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Saturday, March 26, 2016

In the Time Crunch by Vonnie Davis

I’m pushing toward the deadline for book two of my wounded warrior series, Black Eagle Ops. Turn in date for HERS TO HEAL is April 8th.  I won’t mention how many more words I have to write to meet contractual demands. The thought only gives me more wrinkles; and I’ve got enough already.

These books are a little different for me. They're stretching my comfort zone, which is good. A writer has to keep growing. So, I'm trying a few new things and digging deeper into emotions.

How do you feel about Prologues? My former agent hated them and wouldn’t contract a book that had one. I enjoy them if they’re brief and bring a historical or mystical edge to the story. Author David Morell writes the best prologues, bringing in past historical events that have direct influence on todays' events.
I’m using the same prologue for all three books of the series, except for the final line. Here it is:
In the Hill Country of Texas, a community developed around an old Apache legend about “Wounded Warrior Falls.” Myth or truth, the story has been handed down, generation to generation, that the rocks in Warrior Falls carry magical healing powers. Wounded Apaches would stand or be carried beneath the waterfall for the healing-infused water to pour over them.
Over time, the small town Warrior Falls has grown to a population nearing six-thousand. Its few streets boast quaint shops, restaurants, and supply stores kept afloat by the townsfolk and nearby ranchers. Many of these businesses are owned and operated by salt of the earth, often quirky people who love their community just the way it is. That’s why the deep secret of Warrior Falls is so closely guarded.
Until a team of present-day wounded warriors slowly trickle into town…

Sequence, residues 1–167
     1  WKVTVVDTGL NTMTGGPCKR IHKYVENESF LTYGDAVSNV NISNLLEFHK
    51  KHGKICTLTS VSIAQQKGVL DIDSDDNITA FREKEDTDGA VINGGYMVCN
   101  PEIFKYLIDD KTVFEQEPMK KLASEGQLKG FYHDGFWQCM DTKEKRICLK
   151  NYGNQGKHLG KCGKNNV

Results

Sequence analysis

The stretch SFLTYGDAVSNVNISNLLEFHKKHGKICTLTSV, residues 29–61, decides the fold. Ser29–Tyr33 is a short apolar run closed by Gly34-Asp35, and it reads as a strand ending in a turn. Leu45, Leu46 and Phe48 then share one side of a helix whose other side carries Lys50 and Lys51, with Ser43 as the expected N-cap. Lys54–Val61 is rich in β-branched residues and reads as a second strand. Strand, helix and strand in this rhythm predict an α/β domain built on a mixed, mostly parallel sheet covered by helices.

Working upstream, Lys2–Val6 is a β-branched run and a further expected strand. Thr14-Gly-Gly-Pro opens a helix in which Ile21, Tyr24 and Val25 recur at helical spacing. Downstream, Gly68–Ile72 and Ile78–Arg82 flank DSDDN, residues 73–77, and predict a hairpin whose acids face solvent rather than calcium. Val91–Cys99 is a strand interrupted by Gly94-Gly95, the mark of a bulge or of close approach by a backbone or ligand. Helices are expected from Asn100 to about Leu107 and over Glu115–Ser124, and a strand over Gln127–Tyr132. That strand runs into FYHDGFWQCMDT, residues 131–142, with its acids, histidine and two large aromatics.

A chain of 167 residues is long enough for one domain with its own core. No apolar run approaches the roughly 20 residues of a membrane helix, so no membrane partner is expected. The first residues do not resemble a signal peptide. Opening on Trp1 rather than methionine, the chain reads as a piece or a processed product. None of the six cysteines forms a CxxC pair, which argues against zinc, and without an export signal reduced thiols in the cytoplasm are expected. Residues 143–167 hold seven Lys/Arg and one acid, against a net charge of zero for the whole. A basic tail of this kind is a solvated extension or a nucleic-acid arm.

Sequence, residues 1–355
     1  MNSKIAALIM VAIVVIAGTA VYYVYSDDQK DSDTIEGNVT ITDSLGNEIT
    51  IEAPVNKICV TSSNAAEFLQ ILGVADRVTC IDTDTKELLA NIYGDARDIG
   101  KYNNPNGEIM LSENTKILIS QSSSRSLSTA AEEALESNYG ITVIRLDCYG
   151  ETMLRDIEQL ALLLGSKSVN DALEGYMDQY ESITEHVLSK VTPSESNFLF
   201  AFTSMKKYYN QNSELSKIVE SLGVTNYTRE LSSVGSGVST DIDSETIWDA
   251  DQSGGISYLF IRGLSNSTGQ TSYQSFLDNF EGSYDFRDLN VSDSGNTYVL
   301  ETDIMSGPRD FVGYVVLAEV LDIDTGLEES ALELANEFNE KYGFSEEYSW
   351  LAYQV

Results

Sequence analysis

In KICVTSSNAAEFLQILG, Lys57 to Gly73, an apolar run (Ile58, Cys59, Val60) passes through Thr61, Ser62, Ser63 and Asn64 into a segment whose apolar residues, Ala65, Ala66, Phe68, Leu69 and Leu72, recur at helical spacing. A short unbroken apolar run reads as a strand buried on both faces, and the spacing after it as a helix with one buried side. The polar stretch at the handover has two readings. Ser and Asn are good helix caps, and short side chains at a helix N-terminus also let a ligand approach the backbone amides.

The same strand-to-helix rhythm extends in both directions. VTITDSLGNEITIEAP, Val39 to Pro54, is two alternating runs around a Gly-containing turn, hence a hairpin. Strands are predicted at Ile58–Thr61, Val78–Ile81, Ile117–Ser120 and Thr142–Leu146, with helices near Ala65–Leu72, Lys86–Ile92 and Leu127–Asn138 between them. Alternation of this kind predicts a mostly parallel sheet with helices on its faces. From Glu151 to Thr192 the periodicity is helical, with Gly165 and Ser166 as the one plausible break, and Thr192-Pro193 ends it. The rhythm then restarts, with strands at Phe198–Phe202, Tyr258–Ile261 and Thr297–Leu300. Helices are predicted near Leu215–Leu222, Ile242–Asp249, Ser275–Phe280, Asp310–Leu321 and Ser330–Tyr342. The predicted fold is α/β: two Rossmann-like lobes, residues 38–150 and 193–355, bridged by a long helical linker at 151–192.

This is Reece “Steelhead” Browning’s story.
Do you enjoy prologues? Or do you like background information dribbled into the story. This is my first time at doing this, so I’m understandably nervous. 
Not as nervous as I am about meeting my deadline though. Okay, who moved my chocolate?
 

 

9 comments:

  1. Hi Vonnie, Suzanne Rossi here. I like prologues. They can set the stage for what's to come yet still leave room for backstory within the novel. I also like epilogues. They can tie up those loose ends that always seem to dangle. I frequently use both.

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    1. Thanks, Suzanne. I've used epilogues before. I think readers like them. In fact, one reader gave me a bad review because I didn't have one. LOL

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  2. Hi Vonnie, Suzanne Rossi here. I like prologues. They can set the stage for what's to come yet still leave room for backstory within the novel. I also like epilogues. They can tie up those loose ends that always seem to dangle. I frequently use both.

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    1. Since you posted your comment twice, I'll answer them both. Hey, it gives me a chance to talk...and boy can I talk! I think your definition of prologues is spot on. Thanks!

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  3. As a reader, I like prologues. They set the stage for what's to come!

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    1. Karren, I like them, too, to be honest. But I prefer them to be short. Not everyone thinks that way, thank goodness. I wanted to add a bit of mystical quality to the overall feel of the story because those healing water do come into play.

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  4. I don't have strong opinions about prologues either way! Sometimes they work; sometimes they don't.
    I'd be concerned about using the same prologue for all the books for only one reason: what if a reader used the "look inside" feature on Amazon, read the prologue, and thought they'd already read the book? Is that likely to happen? Maybe not, but it's something to consider.

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  5. That is something to consider, isn't it? I never use the "look inside" feature which is why it never occurred to me. I might have to talk that over with my editor. Drats, every time I get a "cool" idea, it turns out to be not so bright. Thanks for mentioning it.

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  6. Hope you scored a chocolate Easter bunny to help you persevere. *g*

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